An article in the Guardian on 14 January highlighted the fears some Cornish residents have of being “isolated” if FlyBe collapses. But the article misses two crucial points. Firstly, and most importantly, there’s the fact we’re living in a climate crisis, and no-one should encourage domestic flights. Secondly, the Guardian only managed to talk to airline users to highlight these supposedly generic ‘fears’ – only two of whom are actual residents.
As a Cornish resident, it can be isolating living in Cornwall. But climate burning flights don’t make me feel less isolated. It’s the fact that we have an overpriced public transport system that makes it prohibitively expensive to go anywhere.
Priorities and problems
Addressing the climate crisis involves addressing our priorities, identifying the problems, and solving them. The Guardian mentions the cost of train travel to and from Cornwall. But it fails to look at solutions that aren’t bemoaning the loss of FlyBe.
Air travel from Cornwall is already subsidised. Train travel isn’t. At present, as a random example, if I wanted to fly to Manchester on 20 January, it would cost me £67.50 (if I only needed hand luggage) and take one hour, 15 mins. The equivalent train journey by train takes six and a half hours, and would cost £192.10. Even taking into account getting to and from the airport, it’s half the time and less than half the price. Obviously it’s a “no-brainer” – as the Guardian summarised one passenger’s comment – if you don’t care about the planet.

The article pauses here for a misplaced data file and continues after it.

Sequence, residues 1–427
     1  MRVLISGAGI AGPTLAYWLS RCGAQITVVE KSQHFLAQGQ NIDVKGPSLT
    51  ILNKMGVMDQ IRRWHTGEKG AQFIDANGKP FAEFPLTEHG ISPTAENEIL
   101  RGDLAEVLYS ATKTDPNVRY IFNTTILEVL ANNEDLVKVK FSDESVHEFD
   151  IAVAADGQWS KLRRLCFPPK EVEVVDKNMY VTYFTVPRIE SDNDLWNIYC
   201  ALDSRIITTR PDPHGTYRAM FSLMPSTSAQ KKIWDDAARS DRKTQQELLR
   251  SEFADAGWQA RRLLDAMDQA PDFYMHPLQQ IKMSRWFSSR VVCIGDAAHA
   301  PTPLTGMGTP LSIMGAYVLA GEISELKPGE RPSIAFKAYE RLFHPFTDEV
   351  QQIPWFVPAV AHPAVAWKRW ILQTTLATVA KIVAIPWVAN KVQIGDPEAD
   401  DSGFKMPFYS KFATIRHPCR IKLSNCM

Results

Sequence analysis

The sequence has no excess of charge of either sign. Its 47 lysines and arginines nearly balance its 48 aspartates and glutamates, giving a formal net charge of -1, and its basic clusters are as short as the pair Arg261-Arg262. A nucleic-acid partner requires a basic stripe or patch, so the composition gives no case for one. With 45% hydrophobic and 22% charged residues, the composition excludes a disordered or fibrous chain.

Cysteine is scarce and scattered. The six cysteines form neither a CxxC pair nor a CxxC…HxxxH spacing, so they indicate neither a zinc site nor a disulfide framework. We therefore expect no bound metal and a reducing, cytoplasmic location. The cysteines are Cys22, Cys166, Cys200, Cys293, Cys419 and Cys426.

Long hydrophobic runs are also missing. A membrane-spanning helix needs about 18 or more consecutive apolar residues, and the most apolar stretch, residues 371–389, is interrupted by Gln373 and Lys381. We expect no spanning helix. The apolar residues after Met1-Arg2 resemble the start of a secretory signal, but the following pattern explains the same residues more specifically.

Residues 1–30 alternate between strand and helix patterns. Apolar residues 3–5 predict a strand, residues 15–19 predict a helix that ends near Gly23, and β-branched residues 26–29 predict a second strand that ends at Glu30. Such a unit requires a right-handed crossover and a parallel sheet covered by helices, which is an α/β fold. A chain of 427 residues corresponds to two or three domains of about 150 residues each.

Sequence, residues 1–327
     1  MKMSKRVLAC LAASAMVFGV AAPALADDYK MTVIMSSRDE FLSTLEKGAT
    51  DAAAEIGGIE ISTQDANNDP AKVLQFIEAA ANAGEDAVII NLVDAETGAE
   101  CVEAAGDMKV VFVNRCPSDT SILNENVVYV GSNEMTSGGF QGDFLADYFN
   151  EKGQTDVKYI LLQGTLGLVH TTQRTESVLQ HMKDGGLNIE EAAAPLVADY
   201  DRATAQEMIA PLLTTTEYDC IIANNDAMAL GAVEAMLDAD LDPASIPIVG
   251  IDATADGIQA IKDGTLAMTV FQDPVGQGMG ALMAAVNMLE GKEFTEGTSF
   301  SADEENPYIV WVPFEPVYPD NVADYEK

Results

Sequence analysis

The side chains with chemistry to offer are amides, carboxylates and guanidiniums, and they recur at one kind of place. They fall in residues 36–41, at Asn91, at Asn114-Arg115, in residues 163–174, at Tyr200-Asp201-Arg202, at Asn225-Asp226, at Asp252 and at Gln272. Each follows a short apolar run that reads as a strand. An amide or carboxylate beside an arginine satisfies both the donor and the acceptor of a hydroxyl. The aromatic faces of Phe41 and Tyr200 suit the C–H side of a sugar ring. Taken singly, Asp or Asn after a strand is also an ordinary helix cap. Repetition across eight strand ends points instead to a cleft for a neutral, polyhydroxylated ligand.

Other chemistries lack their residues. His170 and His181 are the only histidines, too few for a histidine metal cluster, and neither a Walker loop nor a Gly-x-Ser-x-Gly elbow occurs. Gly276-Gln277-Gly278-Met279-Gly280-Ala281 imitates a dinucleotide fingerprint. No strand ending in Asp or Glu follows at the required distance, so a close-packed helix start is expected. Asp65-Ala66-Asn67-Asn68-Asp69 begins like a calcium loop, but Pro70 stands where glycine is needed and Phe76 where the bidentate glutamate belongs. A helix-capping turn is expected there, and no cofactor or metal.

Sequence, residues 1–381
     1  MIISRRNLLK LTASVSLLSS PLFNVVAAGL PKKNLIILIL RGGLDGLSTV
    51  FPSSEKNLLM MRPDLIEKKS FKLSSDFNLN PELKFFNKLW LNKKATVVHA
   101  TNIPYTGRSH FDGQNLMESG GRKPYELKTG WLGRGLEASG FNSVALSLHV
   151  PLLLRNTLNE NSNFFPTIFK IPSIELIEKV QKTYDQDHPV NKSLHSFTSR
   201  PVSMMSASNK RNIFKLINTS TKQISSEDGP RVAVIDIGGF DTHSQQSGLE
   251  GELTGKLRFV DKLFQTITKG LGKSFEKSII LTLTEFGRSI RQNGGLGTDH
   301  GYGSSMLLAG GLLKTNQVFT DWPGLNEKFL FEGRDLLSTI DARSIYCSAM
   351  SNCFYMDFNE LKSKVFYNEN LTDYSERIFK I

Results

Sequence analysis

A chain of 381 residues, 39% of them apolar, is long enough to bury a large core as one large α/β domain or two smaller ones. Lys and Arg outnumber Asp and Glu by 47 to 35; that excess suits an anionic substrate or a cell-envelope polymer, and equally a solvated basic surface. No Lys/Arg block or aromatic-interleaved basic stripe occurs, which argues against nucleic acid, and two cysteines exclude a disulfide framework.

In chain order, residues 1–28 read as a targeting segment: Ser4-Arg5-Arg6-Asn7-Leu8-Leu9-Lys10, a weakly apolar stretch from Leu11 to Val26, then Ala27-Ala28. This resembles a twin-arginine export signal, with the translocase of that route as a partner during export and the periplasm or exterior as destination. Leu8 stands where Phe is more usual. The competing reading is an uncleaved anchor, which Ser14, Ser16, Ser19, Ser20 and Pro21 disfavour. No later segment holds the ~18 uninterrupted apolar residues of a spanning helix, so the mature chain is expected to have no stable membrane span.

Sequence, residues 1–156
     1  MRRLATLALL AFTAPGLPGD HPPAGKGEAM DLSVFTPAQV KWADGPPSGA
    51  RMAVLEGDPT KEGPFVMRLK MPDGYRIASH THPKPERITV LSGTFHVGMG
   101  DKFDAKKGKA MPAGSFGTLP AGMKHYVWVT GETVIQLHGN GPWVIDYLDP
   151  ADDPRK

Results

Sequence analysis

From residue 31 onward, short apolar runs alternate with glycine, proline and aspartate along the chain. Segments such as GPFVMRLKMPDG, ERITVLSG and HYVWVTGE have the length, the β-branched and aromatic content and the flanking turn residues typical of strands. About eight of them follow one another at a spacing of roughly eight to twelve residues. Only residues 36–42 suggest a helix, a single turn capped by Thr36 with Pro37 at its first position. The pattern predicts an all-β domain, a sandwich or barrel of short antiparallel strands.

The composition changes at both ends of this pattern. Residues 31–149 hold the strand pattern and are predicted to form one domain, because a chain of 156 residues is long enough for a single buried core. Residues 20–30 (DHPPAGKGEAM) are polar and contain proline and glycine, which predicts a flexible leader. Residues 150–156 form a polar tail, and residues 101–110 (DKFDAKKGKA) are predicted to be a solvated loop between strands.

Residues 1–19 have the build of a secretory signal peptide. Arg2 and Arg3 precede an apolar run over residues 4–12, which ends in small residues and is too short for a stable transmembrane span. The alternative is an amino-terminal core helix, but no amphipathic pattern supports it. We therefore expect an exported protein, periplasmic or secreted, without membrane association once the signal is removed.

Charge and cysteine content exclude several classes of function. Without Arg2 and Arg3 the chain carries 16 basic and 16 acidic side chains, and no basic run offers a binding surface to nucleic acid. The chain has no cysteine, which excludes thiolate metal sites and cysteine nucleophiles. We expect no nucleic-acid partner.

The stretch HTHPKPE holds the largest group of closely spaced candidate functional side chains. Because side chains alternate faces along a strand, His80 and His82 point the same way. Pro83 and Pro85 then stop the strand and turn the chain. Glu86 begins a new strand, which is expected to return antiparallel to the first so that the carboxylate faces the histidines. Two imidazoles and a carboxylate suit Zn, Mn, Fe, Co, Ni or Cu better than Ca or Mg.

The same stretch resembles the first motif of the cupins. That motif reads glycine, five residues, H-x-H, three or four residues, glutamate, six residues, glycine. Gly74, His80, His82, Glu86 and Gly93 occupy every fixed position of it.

This is the problem Cornish residents face – as do people across the country. But it’s easily solved through better infrastructure and cheaper public transport. And it’s a problem we wouldn’t face if the UK didn’t have some of the highest rail fares in Europe. Yet the government appears eager to give tax breaks to the aviation industry to continue destroying the planet.
The climate crisis is happening now
the number of floods and other hydrological events have quadrupled since 1980 and have doubled since 2004, highlighting the urgency of adaptation to climate change. Climatological events, such as extreme temperatures, droughts, and forest fires, have more than doubled since 1980. Meteorological events, such as storms, have doubled since 1980.
Arguably, the climate catastrophe is the biggest threat we’ve ever faced. According to NASA:
Even if we stopped emitting greenhouse gases today, global warming would continue to happen for at least several more decades, if not centuries.
But it’s not too late to make a difference. As NASA points out:
the solution will require both a globally-coordinated response (such as international policies and agreements between countries, a push to cleaner forms of energy) and local efforts on the city- and regional-level (for example, public transport upgrades, energy efficiency improvements, sustainable city planning, etc.).
But this isn’t going to happen with our current government and with supposedly environmentally progressive media such as the Guardian pushing the aviation industry.
No-one said it would be easy
Tackling the climate crisis isn’t going to be easy. It involves hard decisions and inconvenience. Ultimately, it will mean changing our lifestyles and admitting that things one traveller in the article described as “vital” are only ‘vital’ if we rank our immediate needs over the future of having a liveable planet.
But whatever the personal decisions we make and should be making, as NASA highlights, a global coordinated response is needed. For this to even start happening, we need a government committed to tackling the crisis rather than bailing out big business. And we need a media that doesn’t use rural communities as an excuse for domestic flights. Unfortunately for us, our children, and the planet, it doesn’t look like this is going to happen anytime soon. In the meantime, it’s down to all of us to make those personal choices, build alternatives and to force governments across the world to take meaningful action before it really is too late.
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